Google is a long-standing target of critics who claim that the company “encourages piracy.” While this is not a uniformly held view and Google vehemently disputes it, the accusation has been voiced by many in Music and Motion Picture industries.
Over time Google has implemented various systems and methodologies to try and address piracy and copyright infringement on YouTube and in search results, in part to satisfy critics and in part to satisfy the law. (YouTube’s founders initially turned a blind eye toward copyright infringement.)
Earlier this week the company released a report called “How Google Fights Piracy” (embedded below). It also discussed those efforts in a blog post.
In the report’s introduction the company says:
The internet continues to be a boon for creators, their communities, and the content industry, and Google continues to be a key part of that success. Today, Google’s services provide more content for users, generate more revenue for rightsholders, and do more to battle copyright-infringing activity than ever before. Google takes the challenge of online piracy seriously—we continue to invest significant resources in the development of tools to report and manage copyrighted content, and we work with other industry leaders to set the standard for how tech companies fight piracy.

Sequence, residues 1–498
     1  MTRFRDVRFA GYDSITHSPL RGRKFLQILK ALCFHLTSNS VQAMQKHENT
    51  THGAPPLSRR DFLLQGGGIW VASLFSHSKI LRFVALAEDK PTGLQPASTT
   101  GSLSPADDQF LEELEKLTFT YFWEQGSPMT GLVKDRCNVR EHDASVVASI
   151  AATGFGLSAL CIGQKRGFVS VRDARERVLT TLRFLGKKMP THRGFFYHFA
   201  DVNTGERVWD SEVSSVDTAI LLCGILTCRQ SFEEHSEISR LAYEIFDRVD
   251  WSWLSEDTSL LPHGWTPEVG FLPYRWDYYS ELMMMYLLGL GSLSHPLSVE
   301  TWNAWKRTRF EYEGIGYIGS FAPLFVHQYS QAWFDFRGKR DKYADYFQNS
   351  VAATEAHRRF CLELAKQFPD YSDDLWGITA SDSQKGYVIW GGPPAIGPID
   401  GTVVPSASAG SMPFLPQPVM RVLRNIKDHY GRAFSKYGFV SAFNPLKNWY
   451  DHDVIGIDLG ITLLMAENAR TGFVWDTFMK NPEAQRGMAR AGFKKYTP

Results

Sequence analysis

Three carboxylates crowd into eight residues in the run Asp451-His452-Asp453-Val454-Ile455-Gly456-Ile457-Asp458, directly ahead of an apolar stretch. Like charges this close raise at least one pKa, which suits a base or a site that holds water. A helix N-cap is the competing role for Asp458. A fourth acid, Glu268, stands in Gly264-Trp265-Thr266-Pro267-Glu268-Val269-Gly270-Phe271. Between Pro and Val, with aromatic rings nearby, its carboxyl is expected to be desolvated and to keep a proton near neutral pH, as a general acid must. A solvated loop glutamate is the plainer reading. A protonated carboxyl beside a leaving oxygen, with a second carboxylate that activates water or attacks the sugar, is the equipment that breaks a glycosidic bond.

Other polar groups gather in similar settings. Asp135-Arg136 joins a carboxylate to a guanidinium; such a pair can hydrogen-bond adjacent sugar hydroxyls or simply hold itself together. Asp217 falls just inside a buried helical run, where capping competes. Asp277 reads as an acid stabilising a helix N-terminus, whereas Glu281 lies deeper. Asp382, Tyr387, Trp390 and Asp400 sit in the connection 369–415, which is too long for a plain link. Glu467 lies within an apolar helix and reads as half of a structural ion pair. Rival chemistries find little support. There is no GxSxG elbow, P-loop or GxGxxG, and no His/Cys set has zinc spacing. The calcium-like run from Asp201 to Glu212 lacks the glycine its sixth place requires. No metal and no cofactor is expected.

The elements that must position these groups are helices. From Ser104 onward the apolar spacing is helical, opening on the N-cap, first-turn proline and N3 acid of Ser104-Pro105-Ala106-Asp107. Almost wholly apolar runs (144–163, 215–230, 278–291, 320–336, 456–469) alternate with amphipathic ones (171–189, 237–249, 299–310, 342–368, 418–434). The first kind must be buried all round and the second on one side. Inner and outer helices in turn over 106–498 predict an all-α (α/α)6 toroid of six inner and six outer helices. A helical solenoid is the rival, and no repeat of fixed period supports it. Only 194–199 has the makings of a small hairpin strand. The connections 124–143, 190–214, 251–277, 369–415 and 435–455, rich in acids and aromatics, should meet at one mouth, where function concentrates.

The current mechanism of copyright enforcement and content management on YouTube is called ContendID. Google says that it has invested “more than $60 million” in the proprietary system. Google adds that “well over 90 percent [of content creators choose] to monetize videos containing their copyrighted material.” Accordingly, Google asserts that “Content ID on YouTube has generated over $2 billion for creators.”
There are still vocal critics in the Music Industry, for example, who don’t believe this is sufficient. According to a piece in Billboard, “Music stakeholders counter that … returns from the platform are untenable, and that YouTube draws ears and eyes away from subscription services like Spotify, which pay a much higher return for access to the same music.”
In a related story, Google has ended its bitter legal dispute with Mississippi Attorney General Jim Hood, who had been aggressively investigating piracy on Google for several years. Google sued Hood, arguing that the attorney general’s investigation was actually a front for the financial interests of the Motion Picture Association of America. News organizations at the time discovered what amounted to collusion or a conspiracy to use the office of the Mississippi Attorney General to enforce SOPA-like control over internet content.
The case has now been settled, with both parties pledging cooperation in the future. Though the settlement marks the end of the Hood investigation, it certainly won’t mean the end of criticisms of Google’s copyright enforcement policies and practices.